The Effect of Usability on Employment Rates
I’m wondering about much usability and HCI will affect automation and job losses. I’ve been thinking that a lot of transactions cannot be automated simply because they’re too complex, and developing an automated interface to manage them would be too hard.
Some transactions are simple: paying for parking, or withdrawing money at an ATM, These transactions have very few variables or alternate paths, so dialing them down to an automated interface is simple. Jobs are undeniably lost when this happens (the Sioux Falls Airport has slowly whittled down parking booth cashiers from three to just one – the rest of the lanes are now automated kiosks).
Other transactions are not so simple. Some are complex enough that the role of a human is indispensable to them.
My wife and I went to the Museum of Science and Industry in Chicago about a month ago. We needed tickets, and we also need to buy multiple “sub-tickets” to various exhibits and schedule the times we wanted to go on those “mini-tours.” So, the transaction of us buying tickets was somewhat complex.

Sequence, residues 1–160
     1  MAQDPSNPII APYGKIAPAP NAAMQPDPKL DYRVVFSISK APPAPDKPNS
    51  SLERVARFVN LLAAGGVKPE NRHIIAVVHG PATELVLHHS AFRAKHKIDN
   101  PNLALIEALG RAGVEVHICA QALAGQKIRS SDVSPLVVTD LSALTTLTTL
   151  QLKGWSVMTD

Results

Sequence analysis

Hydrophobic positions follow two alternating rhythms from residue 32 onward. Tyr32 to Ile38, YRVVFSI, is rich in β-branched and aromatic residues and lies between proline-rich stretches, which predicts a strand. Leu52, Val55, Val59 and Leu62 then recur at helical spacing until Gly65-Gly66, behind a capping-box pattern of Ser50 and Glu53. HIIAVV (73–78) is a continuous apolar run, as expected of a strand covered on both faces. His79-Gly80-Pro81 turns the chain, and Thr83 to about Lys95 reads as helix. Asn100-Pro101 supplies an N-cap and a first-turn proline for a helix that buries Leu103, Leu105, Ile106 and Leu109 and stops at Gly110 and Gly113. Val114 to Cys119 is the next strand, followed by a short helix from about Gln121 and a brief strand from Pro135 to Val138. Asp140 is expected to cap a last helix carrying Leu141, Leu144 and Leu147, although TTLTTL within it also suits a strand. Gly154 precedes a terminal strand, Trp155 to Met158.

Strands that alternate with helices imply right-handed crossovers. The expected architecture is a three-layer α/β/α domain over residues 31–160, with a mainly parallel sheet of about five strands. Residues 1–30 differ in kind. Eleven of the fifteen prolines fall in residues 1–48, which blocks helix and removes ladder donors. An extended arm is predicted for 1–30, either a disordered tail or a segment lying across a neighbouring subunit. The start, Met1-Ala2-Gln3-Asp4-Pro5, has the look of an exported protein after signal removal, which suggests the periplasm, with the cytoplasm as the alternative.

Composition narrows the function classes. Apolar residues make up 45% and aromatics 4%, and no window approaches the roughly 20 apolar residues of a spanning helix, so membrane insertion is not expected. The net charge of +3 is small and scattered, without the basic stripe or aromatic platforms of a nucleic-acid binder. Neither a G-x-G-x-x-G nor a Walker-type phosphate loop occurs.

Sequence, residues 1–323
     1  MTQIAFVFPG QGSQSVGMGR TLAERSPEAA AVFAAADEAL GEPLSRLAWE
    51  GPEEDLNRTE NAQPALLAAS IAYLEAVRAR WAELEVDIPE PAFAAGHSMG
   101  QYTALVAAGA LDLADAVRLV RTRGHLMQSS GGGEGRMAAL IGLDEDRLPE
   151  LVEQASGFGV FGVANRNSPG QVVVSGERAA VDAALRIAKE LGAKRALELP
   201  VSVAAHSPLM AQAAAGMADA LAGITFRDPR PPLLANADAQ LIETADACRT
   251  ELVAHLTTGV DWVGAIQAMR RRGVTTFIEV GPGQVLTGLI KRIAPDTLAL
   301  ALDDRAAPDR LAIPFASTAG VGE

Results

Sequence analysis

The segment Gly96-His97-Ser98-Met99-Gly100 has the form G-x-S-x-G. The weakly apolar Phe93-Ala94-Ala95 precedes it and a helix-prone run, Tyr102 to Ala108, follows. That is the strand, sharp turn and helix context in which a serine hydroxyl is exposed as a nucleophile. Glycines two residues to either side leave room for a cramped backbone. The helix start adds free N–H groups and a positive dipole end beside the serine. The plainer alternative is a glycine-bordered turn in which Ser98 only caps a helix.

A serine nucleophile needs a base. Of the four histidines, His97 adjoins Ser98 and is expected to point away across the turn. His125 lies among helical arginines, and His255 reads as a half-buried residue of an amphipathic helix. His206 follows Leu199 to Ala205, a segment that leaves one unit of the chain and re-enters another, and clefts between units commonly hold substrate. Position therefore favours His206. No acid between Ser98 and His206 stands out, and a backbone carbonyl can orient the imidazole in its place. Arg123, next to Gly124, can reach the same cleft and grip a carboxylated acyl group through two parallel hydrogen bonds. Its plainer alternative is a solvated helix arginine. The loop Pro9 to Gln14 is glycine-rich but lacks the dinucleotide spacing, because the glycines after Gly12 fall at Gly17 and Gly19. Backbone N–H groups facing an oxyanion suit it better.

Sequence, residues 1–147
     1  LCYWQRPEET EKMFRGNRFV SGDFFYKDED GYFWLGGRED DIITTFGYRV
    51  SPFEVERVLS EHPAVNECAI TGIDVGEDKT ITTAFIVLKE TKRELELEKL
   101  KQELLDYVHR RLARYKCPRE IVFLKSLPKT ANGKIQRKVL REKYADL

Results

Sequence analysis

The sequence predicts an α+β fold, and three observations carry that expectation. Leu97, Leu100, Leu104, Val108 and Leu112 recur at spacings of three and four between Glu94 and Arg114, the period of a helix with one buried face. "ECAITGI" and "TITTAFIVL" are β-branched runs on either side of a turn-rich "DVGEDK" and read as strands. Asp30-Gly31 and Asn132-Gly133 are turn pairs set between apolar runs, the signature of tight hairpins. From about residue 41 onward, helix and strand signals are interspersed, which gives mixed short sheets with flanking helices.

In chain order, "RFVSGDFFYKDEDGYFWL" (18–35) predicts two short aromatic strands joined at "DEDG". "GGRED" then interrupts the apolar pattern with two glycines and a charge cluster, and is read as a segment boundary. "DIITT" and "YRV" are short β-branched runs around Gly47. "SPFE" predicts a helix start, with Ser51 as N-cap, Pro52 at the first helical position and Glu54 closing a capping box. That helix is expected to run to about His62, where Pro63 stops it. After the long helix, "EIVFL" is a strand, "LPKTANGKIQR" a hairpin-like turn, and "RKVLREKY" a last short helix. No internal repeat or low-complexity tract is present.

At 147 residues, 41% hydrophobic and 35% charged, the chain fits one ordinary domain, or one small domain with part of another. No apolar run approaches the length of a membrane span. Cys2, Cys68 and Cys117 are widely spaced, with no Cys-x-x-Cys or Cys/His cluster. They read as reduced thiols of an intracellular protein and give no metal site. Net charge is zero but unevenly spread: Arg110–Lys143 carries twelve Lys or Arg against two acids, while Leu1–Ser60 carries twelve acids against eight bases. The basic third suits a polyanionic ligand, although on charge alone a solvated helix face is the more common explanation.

The lines to the human ticket sellers were long, so with some trepidation, I decided to try one of the kiosks (pictured). I was nervous and half-assumed this was going to be a confusing mess.
But, the experience was fantastic, The interface was elegant and usable, and it made the complex process of buying multiple tickets, sub-tickets, and tour scheduling easy and graceful. In short, it took a complex transaction, and made it simple enough that it didn’t need a human anymore.
To be perfectly clear: I chalk up the loss of a human job here (the cashier) purely to the fact that someone was able to design an interface simple enough to handle this transaction. If this interface wasn’t this usable, a human would need to be employed to manage the process and serve as a middle man to simplify the transaction.
Usability is great, but as usability increases and the complex becomes simple, humans will get displaced more often.